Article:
December 17, 2012

Last week, a guerrilla war was under way in the well-kept streets of Santa Monica, CA. Recently, Santa Monica has been at the forefront of the secularist war against the public commemoration of religious holidays. While normally portrayed as a “War on Christmas,” the campaign has also affected other holidays such as Hanukah. After years of displaying Christian and Jewish symbols on public property in the holiday season(s), the city has now succumbed to legal pressure from atheist and secularist… Read more

December 16, 2012

A few things online that caught my attention this week: Geoffrey Best loves his books Should social studies be abolished? Jackson Lears on Jared Diamond William Hogeland discusses his latest book: Founding Finance An English professor goes home Who needs the Constitution? The pro-life legacy of Roe v. Wade Read the rest here. Read more

December 14, 2012

Two recent sets of readings have set me thinking about sane, moderate politics. During the 1960s and 1970s, two very different attitudes towards the Soviet Union prevailed in the United States. Extremists advocated flat-out opposition and confrontation, on the basis that the system was so rotten that it would collapse if seriously challenged. However counter-intuitive this might appear, destroying the Soviet system was in truth the path to a peaceful world. Intelligent centrists and liberals claimed to know better, and… Read more

December 13, 2012

It is always a pleasure to open good books after many years. I’ve recently been thumbing through Richard Wightman Fox’s Jesus in America and Stephen Prothero’s American Jesus, which appeared nearly in tandem nearly a decade ago. Both are incredibly helpful to understanding both the diversity of American religious experience and the centrality of Jesus (in Prothero’s case, even to many non-Christians). I found this gem of a paragraph in Fox’s introduction, shared here without adornment, other than to say… Read more

December 12, 2012

I have been a fan of James H. Moorhead’s work since I read his American Apocalypse: Yankee Protestants and the Civil War as a graduate student.  As the Mary McIntosh Bridge Professor of Church History at Princeton Theological Seminary and the longtime senior editor of the Journal of Presbyterian History, Moorhead has had a stellar career as an American religious historian. I was thus thrilled to open my mailbox today to find a copy of Moorhead’s latest offering:  Princeton Seminary… Read more

December 11, 2012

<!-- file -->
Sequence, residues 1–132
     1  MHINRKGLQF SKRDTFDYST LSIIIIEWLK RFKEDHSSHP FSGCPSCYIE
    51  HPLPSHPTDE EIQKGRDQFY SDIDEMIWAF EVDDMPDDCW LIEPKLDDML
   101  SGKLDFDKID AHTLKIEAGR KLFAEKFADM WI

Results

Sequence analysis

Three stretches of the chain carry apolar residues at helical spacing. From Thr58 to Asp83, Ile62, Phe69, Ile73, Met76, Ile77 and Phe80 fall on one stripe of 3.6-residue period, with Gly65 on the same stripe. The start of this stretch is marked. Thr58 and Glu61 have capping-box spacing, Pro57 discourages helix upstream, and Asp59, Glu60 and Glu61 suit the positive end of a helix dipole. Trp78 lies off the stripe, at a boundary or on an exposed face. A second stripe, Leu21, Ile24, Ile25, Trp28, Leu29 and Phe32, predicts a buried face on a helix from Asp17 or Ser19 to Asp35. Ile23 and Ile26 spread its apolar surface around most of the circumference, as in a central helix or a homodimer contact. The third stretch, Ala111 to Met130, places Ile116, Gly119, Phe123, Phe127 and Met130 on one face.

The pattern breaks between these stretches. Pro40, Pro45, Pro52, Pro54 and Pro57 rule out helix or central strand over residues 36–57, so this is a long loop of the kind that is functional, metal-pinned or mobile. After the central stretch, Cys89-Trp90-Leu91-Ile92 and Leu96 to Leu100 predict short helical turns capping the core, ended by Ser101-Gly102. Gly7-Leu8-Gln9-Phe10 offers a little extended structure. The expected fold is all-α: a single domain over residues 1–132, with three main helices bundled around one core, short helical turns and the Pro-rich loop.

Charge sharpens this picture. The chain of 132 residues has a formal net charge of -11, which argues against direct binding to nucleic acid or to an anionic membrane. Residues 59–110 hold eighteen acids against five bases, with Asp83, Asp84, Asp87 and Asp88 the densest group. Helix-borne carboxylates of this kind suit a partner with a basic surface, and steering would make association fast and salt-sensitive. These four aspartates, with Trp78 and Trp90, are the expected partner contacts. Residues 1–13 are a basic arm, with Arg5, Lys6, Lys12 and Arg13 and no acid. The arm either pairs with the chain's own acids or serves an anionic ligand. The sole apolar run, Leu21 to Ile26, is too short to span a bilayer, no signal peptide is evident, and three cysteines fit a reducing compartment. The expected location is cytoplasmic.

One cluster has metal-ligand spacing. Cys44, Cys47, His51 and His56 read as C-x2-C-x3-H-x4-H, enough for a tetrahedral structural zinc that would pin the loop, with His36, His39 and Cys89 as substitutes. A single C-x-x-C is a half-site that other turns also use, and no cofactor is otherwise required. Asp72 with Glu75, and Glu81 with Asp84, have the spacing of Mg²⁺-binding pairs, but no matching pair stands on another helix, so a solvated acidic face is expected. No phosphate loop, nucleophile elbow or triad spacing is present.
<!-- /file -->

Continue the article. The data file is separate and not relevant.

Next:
Sunday was the 200th birthday of James Henley Thornwell, the South Carolina Presbyterian pastor and professor whom Eugene Genovese and Elizabeth Fox-Genovese called the antebellum South’s “most formidable theologian.” Thornwell was a great champion of what he called the “regulated freedom” of antebellum slave society. Historian George Bancroft once described Thornwell as “the most learned of the learned,” the epitome of the antebellum southern gentleman theologian. He graduated from South Carolina College at nineteen, and studied briefly at Harvard Divinity… Read more

December 10, 2012

 “Dad, we can just Google it” is the reply I often hear from my children when I’m stumped by questions they ask.  Recourse to this high-tech oracle did not avail itself to me as a kid, so this reality represents yet another novum for parenting in our hyper-digital age. As most of us have discovered, Google can ace the simple questions—which team won the BCS championship in 2010?—but it hasn’t quite mastered the complex ones—what is truth, goodness, beauty?  In… Read more

December 9, 2012

A few things online that caught my attention this week: Presidential houses Serendipity and used bookstores John Turner’s book of the year Charlotte Allen reviews Adam English, The Saint Who Would Be Santa Claus. A Noah’s Ark theme park David Reynolds reviews John Stauffer and Zoe Todd, The Tribunal: Responses to John Brown and the Harper’s Ferry Raid. Read the rest here. Read more

December 7, 2012

Advent is one of my favorite times in the church year. For many reasons, I particularly relish the “O Antiphons,” which belong precisely to this season. They are so very rich in the lessons they teach, with implications for Christmas, of course, but also for the relationship between the Old and New Testaments, and (surprisingly perhaps) for the apocalypse and the Last Judgment. You could actually present a fairly complete course in Christian theology just from these short verses! Even… Read more

December 6, 2012

‘Tis the season for list-making. My co-bloggers have given you their five favorite religious biographies and seven best books read this year, respectively. Let’s face it. There are a lot of great books about American religion rolling off the presses each year. Making lists of good books is easy work. It’s harder to pick the book of the year. I, however, am ready for such boldness. It’s not a work of history, but the best book on American religion published… Read more

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